Bridging the Gap at Pegamore Creek

Creating safe passage for people and nature

Flowing by stands of montane longleaf pine on its way to Corley Lake in Paulding County, Pegamore Creek is a major tributary of Raccoon Creek, whose watershed is home to 43 native fishes—13 of which are endemic to the Mobile Basin—including the federally endangered Etowah darter. As these rare fish attempt to move through the swift waters in search of habitat, food and spawning grounds, obstacles such as undersized and perched culverts (pipes that allow water to flow under roadways) make reaching their destination difficult, if not impossible.

Re-thinking these obstacles and developing innovative solutions to improve fish passage while enhancing public safety are driving our restoration efforts in this part of Georgia near Dallas, only an hour north of Atlanta. That’s why we recently removed culverts in Pegamore Creek and replaced them with a free-span bridge: to improve access to Sheffield Wildlife Management Area, reduce flooding risk for residents and improve habitat for rare fish. Check out how it was done below!

Unable to Move

The Nature Conservancy assessed the fish-friendliness of the many road-stream crossings in the Raccoon Creek watershed. Paved over with concrete, these six culverts located on Lee Road along Pegamore Creek quickly became a priority for removal. Perched 18 inches above the waterline, the crossing prevented fish like the federally endangered Etowah darter and threatened Cherokee darter from moving to vital habitat upstream.

When it Rains, it Pours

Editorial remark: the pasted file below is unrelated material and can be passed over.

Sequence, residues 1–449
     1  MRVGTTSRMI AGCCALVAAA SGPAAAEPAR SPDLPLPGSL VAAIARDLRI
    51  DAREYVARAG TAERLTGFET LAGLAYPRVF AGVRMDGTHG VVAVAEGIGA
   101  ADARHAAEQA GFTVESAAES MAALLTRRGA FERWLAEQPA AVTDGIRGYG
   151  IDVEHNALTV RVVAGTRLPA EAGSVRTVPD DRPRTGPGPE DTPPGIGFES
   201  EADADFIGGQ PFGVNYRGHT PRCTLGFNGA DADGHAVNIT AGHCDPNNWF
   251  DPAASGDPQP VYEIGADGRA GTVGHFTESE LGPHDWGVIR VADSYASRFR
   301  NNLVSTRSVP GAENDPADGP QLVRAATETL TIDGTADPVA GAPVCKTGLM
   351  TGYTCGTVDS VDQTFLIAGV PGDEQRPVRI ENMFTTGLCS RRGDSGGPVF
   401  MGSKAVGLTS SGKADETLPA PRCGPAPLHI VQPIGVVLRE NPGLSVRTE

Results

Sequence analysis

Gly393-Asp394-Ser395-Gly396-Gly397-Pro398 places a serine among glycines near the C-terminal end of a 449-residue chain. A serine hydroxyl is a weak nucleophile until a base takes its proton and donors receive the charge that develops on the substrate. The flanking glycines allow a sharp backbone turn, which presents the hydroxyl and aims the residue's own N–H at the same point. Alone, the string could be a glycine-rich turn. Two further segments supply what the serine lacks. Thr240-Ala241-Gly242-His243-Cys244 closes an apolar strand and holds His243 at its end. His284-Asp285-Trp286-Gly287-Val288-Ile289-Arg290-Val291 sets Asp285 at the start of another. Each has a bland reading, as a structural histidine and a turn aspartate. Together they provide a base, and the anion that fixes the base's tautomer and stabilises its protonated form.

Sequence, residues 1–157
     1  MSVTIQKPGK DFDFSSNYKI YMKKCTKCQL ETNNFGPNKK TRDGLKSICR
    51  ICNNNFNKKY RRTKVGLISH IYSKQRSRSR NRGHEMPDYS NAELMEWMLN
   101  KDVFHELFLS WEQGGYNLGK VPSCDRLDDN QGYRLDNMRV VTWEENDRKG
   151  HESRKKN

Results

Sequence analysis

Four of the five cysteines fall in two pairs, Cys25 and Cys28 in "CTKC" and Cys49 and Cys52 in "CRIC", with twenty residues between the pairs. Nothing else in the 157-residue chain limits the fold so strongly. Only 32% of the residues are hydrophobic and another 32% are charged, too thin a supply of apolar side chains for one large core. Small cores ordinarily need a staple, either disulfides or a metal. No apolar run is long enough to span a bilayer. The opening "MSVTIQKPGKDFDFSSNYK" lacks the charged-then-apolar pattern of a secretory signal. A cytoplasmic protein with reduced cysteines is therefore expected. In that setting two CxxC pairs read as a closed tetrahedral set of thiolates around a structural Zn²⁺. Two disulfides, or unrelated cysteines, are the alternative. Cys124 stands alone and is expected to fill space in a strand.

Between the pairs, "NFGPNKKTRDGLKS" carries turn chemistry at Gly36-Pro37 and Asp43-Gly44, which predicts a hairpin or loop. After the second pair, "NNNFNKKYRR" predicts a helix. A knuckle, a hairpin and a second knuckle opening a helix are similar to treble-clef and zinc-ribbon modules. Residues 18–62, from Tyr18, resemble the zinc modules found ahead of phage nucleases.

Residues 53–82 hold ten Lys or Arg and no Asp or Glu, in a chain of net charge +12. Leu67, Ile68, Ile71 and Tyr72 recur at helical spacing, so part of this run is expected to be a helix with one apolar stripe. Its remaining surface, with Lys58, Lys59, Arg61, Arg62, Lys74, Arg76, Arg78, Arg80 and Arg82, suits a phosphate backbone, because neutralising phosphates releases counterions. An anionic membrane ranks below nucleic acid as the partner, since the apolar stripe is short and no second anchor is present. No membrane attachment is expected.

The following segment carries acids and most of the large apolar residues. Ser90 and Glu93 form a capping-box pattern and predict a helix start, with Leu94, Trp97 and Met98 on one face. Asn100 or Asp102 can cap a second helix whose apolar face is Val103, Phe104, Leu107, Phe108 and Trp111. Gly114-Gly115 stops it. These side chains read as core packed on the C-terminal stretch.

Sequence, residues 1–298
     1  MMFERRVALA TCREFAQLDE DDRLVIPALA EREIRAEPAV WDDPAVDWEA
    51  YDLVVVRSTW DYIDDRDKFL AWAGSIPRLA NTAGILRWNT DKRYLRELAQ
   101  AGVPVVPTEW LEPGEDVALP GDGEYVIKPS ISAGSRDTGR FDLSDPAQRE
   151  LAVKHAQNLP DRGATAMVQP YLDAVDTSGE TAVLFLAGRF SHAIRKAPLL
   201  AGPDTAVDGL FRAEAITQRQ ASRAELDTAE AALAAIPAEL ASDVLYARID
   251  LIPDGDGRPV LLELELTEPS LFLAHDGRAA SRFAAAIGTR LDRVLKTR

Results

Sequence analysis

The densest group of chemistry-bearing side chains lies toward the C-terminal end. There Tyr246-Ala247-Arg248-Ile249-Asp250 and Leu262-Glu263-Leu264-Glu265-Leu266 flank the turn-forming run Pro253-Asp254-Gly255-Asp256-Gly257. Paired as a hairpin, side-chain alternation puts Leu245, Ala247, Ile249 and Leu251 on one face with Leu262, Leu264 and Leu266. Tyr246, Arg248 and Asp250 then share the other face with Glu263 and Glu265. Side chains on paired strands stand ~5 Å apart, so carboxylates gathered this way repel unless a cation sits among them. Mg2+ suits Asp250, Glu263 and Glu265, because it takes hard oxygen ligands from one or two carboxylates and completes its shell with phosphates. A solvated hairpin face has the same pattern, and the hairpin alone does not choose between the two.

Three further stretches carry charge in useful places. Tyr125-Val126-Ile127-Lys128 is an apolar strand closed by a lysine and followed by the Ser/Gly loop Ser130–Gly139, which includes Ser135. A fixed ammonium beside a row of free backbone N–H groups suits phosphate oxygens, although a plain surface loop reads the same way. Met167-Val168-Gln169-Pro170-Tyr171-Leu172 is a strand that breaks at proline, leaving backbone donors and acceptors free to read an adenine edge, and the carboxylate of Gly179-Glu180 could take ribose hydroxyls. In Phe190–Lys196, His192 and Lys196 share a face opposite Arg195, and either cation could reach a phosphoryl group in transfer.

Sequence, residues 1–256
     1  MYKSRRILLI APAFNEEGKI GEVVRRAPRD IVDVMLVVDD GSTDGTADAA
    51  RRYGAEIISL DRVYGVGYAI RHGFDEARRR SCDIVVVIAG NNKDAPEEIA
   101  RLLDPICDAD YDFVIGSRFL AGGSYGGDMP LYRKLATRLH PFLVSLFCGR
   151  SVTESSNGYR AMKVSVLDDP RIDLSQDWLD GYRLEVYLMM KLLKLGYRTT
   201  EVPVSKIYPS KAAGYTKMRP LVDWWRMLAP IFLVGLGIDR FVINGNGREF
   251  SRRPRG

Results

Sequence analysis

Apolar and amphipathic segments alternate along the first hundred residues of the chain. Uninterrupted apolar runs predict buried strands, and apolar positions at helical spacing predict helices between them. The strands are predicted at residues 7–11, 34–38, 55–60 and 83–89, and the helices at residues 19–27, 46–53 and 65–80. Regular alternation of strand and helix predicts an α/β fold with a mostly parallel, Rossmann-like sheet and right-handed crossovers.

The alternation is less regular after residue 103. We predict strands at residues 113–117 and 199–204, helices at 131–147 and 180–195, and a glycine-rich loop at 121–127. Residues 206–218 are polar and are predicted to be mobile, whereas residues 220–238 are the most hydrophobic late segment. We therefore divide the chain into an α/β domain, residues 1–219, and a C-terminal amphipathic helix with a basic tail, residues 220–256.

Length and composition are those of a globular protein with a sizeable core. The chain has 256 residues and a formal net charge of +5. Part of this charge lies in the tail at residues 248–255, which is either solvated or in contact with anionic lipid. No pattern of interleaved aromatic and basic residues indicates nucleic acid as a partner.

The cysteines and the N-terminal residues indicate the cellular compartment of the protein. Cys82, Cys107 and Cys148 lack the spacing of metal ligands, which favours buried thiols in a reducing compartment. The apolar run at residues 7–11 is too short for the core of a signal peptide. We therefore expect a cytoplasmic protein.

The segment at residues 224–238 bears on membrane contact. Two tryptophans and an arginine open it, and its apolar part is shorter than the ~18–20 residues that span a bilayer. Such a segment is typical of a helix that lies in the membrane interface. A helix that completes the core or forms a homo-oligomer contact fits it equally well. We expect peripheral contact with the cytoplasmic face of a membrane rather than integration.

Even during small rain events, frequent flooding plagued this section of Lee Road, which also serves as the only public access to the Sheffield Wildlife Management Area.

The Road Less Travelled

After obtaining a permanent right-of-way from the landowner, we worked to re-route Lee Road to where the new bridge would be installed. Doing so improved road conditions and made for straighter, safer travel lanes.

Bridging the Gap

With the road and footings in place, it was time to install the bridge spans. This new bridge spans 32 feet across, allowing Pegamore Creek to flow freely beneath it.

What Goes Up Must Come Down

While the bridge spans were placed, the old road and culverts were demolished and removed, thanks to a major collaboration between the State of Georgia, Paulding County, local landowners and The Nature Conservancy.

Finding the Flow

With the old culverts removed, the creek began to flow, reconnecting for the first time in nearly three decades.

Adventure Awaits

The new bridge provides the only public access to Sheffield Wildlife Management Area, which boasts over 3,000 acres to hike, paddle and explore.

One Fish, Two Fish, Red Fish, NEW Fish!

The Conservancy’s Coosa River Program Director Katie Owens found an Etowah darter while sampling upstream from the removed culverts – the first time the rare fish has been documented in these waters in over 30 years.

A Fish Tale

A member of the perch family and endemic to Georgia, the Etowah darter is found only in the Etowah River watershed and its tributaries. At just under 3 inches long, this little fish relies upon swift-moving water and gravelly creek beds to survive. Erosion, development and poorly planned road-stream crossings have pushed the species to the brink, making restoration efforts like the Pegamore Creek Bridge Project all the more critical. Now fish can move up Pegamore Creek into Raccoon Creek to access refuge areas during high-flow water events, food sources and spawning grounds.

Two Fins Up

The bridge is in place, the culverts are gone, and Daphne the Darter is one happy fish!


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